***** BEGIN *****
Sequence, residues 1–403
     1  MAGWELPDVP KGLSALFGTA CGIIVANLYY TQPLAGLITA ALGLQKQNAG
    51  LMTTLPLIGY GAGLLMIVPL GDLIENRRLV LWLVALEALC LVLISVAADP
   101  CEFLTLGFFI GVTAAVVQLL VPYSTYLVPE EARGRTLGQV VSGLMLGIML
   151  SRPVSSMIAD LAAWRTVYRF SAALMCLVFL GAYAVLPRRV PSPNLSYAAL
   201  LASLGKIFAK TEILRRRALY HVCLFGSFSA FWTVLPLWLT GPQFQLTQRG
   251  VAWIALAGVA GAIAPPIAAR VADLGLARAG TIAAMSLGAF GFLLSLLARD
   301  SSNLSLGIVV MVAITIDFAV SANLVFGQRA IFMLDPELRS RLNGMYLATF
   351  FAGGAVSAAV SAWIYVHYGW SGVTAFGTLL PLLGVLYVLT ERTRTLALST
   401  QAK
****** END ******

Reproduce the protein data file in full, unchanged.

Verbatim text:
Sequence, residues 1–403
     1  MAGWELPDVP KGLSALFGTA CGIIVANLYY TQPLAGLITA ALGLQKQNAG
    51  LMTTLPLIGY GAGLLMIVPL GDLIENRRLV LWLVALEALC LVLISVAADP
   101  CEFLTLGFFI GVTAAVVQLL VPYSTYLVPE EARGRTLGQV VSGLMLGIML
   151  SRPVSSMIAD LAAWRTVYRF SAALMCLVFL GAYAVLPRRV PSPNLSYAAL
   201  LASLGKIFAK TEILRRRALY HVCLFGSFSA FWTVLPLWLT GPQFQLTQRG
   251  VAWIALAGVA GAIAPPIAAR VADLGLARAG TIAAMSLGAF GFLLSLLARD
   301  SSNLSLGIVV MVAITIDFAV SANLVFGQRA IFMLDPELRS RLNGMYLATF
   351  FAGGAVSAAV SAWIYVHYGW SGVTAFGTLL PLLGVLYVLT ERTRTLALST
   401  QAK